Wednesday, October 11, 2006

Stuck in the mud.

Back in 2002 I did an edition of Donne for Wordsworth Classics, wrapping Introduction and Notes round a slightly modified Grierson text. They paid me a three figure sum as a one off, and it was published with a tasteful cover, the Lothian portrait made into a black oval, against a background of brown laid paper.

Well, it retails at £3.99 still, and I imagine my students like that price, and are mildly interested by having the editor in their midst. So I order it in to the campus bookshop each year. But look at it now! A late 19th century painting of the Thames side at Southwark at the top, and rising from below, the face of William Wordsworth, backed by the suggestion of a Byzantine halo.

What the image says to me first of all is "stuck in the mud". A blurry and tepid watercolour has been selected for a poet who was all about precision and passion. Was it left over from materials gathered for a cover design on a Dickens novel? And since when has Wordsworth become the official face of poetry?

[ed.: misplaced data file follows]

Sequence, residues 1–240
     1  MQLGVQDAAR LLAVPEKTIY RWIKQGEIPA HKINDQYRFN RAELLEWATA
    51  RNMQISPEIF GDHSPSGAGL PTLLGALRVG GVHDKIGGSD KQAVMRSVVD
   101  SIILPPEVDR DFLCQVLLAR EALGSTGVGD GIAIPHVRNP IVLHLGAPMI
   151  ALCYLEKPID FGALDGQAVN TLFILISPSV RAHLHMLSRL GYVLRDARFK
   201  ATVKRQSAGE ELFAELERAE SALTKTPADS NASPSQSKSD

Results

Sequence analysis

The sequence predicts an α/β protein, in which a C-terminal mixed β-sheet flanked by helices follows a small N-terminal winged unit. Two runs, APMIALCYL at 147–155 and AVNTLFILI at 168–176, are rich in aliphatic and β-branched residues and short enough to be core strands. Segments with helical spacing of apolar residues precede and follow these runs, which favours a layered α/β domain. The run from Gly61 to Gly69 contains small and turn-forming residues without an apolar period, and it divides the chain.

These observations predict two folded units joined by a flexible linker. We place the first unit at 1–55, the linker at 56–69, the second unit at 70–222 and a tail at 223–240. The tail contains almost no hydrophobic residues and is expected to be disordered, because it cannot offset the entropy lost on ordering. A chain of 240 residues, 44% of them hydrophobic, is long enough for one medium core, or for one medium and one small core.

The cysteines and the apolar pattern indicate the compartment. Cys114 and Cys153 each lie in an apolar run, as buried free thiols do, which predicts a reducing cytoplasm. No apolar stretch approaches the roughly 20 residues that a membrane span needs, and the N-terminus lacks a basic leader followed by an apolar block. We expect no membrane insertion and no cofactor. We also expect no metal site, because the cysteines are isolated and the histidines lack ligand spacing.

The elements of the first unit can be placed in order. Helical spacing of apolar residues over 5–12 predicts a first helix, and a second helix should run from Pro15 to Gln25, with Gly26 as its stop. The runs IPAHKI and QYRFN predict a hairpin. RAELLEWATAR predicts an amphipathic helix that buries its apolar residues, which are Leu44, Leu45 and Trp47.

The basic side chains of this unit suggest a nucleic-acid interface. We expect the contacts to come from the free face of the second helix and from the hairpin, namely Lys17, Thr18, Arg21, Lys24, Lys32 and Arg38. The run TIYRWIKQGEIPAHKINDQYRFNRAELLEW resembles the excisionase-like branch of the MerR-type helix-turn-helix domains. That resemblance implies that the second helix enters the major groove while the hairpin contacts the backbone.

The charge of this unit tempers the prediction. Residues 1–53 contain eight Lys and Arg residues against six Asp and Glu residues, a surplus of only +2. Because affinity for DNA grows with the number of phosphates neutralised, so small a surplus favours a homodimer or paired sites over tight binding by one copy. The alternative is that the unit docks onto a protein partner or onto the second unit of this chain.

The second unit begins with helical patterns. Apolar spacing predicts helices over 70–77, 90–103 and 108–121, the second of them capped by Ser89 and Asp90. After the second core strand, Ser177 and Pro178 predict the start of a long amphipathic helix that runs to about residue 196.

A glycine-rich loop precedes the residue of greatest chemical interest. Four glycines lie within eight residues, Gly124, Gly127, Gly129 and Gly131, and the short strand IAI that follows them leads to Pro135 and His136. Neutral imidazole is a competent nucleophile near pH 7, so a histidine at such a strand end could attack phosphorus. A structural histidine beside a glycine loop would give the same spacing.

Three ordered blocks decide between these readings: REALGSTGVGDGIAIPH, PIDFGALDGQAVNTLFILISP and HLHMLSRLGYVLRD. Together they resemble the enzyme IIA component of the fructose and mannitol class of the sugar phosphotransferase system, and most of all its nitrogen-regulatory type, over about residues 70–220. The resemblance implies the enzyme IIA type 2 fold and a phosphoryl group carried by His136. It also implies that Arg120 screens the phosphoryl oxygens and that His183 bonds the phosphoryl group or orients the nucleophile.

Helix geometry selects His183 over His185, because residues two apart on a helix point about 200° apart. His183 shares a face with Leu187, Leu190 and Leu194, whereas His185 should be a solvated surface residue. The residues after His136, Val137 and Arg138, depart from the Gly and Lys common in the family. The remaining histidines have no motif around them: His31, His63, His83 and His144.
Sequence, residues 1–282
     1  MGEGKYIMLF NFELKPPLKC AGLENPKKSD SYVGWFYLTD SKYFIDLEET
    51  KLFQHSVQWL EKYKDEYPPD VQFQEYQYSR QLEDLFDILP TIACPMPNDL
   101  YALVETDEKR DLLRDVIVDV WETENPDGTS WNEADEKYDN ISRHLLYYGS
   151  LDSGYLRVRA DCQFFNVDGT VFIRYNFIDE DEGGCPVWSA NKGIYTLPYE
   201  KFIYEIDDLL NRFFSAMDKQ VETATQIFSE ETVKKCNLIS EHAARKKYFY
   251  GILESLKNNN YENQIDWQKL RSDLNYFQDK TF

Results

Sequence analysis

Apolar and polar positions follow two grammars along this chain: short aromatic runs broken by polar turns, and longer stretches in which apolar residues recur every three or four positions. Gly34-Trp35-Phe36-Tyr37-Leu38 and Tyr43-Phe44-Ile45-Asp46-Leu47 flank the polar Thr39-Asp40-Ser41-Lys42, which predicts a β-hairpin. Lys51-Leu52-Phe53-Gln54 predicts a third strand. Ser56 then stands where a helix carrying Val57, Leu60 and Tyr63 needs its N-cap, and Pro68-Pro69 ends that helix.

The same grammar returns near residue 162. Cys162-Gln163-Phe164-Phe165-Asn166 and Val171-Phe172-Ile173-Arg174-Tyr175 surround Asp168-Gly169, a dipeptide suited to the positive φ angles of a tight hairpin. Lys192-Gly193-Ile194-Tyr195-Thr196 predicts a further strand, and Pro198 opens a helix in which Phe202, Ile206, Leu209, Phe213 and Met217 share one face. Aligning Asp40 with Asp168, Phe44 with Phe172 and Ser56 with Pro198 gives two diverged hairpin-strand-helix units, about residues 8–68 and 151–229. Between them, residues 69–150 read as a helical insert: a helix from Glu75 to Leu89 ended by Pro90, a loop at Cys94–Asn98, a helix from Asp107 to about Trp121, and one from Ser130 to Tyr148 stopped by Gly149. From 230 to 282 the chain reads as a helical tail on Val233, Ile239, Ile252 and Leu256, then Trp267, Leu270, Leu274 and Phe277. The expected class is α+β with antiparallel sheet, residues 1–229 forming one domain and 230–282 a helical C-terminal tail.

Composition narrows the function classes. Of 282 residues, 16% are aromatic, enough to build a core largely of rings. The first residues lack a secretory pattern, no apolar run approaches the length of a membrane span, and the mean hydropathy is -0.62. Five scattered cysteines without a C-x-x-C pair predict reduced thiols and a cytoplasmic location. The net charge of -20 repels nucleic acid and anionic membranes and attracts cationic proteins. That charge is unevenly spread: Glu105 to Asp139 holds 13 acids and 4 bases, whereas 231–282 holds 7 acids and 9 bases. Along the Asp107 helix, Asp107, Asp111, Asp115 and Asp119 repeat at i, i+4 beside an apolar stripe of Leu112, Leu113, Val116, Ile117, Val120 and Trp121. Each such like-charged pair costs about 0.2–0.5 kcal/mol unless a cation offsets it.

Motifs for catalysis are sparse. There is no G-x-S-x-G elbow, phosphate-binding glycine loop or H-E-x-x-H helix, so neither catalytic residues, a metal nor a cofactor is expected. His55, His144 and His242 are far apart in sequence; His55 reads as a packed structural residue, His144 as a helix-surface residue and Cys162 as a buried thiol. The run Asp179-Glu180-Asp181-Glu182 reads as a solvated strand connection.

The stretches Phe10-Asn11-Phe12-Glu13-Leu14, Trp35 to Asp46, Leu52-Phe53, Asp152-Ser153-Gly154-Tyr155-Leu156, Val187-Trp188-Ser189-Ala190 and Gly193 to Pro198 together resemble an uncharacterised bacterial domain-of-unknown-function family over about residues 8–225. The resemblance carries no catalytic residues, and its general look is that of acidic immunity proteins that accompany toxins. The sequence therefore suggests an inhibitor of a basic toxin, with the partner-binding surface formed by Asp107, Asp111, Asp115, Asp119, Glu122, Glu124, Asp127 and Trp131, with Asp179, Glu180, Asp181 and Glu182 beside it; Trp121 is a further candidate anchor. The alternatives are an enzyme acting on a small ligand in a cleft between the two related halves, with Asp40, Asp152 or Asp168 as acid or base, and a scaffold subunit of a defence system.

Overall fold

Does it speak an attitude of "It's just poetry, innit? Wishy-washy stuff, all the same, dont'cha know?" or "This is the corporate design we have adopted after due process of consulting ourselves"?

Actually, this botched job makes the edition look ignorant about the who, when and whatness of John Donne, and so will not help sell the book to its primary promoters, teachers with students to instruct. So a futile editorial raspberry to Robert Mathias at the 'Publishing Workshop'.

I took the cheque, I cashed the cheque. Just leave it, Roy.


bdh said...

On the bright side the colour scheme is at least tasteful. They could have used gaudy colours or pastels... I'm not helping am I...

DrRoy said...

"And colour is decayed: summer's robe growes
Duskie, and like an oft-dyed garment shows."
(First Anniversary, 355-6)
~ Donne apparently asserting that colours are simply not as good as they once were. So I guess he'd have been even harder to please than his editor.